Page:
What to do, the case of the unhappy pharmacist

I read an article today at the CEO Blog of the American Pharmacists Association (APhA) that talks about the predicament of the retail/community pharmacist.

According to the post “Pharmacists feel it when they’re asked to fill hundreds of prescriptions per shift, provide immunizations on demand, make outbound calls to promote adherence with patients and to do so with less technician help because management just saw another big contract pricing level get cut. And pharmacists are feeling less respected as the supply of pharmacists has increased and employers find positions are easier to fill.”

It’s strange to see the same issues pop-up day after day, month after month, year after year. I remember the exact sentiment coming from organizations and community/retail pharmacists when I entered the workforce back in 1997; almost verbatim. The author of the article goes on to say that “we [APhA] are doing everything we know to advance medication use and improve patient care by creating and promoting new opportunities for pharmacists”, but that too is the same thing the organizations have been saying for more than a decade. The problem isn’t necessarily at the level of the professional organizations, but rather at the grass roots level.

I tried retail pharmacy for a brief period of time shortly after graduating from pharmacy school. I quickly realized it was no place for a pharmacist. The environment has very little to do with patient care and everything to do with business, i.e. making money. I dare say the pharmacy is a loss leader for many large chains. Of course the true community pharmacy often provides real patient care, but those pharmacies are becoming extinct.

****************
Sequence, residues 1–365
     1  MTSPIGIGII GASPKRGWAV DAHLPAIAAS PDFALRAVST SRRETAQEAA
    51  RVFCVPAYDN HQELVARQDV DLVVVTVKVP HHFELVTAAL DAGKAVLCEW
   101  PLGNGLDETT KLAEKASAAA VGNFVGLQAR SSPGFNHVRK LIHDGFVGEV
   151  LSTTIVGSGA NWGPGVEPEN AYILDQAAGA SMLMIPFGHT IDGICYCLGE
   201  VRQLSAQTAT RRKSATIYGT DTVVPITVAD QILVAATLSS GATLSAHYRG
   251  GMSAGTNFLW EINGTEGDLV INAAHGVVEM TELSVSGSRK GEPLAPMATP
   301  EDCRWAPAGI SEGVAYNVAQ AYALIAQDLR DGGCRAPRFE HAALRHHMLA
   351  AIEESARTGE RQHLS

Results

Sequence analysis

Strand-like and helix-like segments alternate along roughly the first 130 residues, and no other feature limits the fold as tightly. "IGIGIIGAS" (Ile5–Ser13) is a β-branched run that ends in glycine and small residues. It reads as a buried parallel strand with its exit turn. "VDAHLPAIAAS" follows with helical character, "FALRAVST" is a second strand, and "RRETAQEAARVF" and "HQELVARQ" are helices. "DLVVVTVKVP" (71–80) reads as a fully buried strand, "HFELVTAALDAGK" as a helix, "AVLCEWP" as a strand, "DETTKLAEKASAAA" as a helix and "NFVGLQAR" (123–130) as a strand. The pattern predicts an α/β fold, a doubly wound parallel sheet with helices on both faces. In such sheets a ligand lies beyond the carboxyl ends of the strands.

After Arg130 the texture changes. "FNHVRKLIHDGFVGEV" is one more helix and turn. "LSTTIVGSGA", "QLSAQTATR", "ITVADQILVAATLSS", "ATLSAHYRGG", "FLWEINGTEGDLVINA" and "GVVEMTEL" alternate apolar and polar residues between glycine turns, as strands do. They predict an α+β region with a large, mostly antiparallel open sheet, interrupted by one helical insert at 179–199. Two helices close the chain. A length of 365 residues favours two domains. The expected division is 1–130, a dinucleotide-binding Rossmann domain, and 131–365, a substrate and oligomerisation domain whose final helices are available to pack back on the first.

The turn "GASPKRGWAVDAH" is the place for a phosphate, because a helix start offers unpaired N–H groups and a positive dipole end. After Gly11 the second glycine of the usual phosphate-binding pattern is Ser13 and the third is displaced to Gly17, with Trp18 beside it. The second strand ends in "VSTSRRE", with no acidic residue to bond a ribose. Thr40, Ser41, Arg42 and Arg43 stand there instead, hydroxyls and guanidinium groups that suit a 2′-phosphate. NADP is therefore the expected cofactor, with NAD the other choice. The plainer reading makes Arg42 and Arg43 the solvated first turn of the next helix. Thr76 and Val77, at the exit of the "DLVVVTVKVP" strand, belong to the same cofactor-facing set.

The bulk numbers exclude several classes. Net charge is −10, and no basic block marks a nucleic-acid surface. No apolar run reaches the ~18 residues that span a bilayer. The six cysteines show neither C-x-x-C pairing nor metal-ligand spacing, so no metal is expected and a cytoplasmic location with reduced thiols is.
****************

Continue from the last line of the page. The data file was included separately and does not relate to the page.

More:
I worked part time in a community pharmacy at the same time I was working the night shift in a hospital in the bay area. It was one of the best jobs I ever had. I still hold the pharmacist I worked for in high regard as his knowledge of and compassion for his patients was second to none. He took pride in building relationships with every person that walked through his door in need of a prescription, advice or simply an understanding ear.

With that said I see retail pharmacists continually complaining about their work environment, their patients/customers, their employers, their hours, their lack of help, the general lack of quality personnel, etc. What I don’t see are those same pharmacists doing anything to change it.

The way I see it there are three things you can about a bad situation:

  1. Live with it, in which case you should stop complaining about it. This is what my wife tells me when I start whining about something at work. For me this rarely works as things that bother me tend to grow in irritation over time. Kind of like a rock in your shoe.
  2. Change it. I’ve done this a couple of times. If you don’t like something about your work environment and have the power to make it better by all means change it. This works better when the problem is small or not dependent on a large organizational change.
  3. Leave. I’ve done this a few times in my career. It’s not worth the headache or the negative impact on your life, or worse, your health.

If you follow any retail/community pharmacists on Twitter or lurk in their chat rooms you’ll find a lot of very unhappy people. I’ve never understood that. Why do that to yourself? The professional organizations have the ability to recommend practice changes, but they can’t force a business or healthcare organization to adopt those recommendations. You, on the other hand, can make an immediate and permanent change in your situation. And don’t try to tell me that I don’t understand or don’t know what I’m talking about because I’ve been there and done that.

I’m just sayin’.

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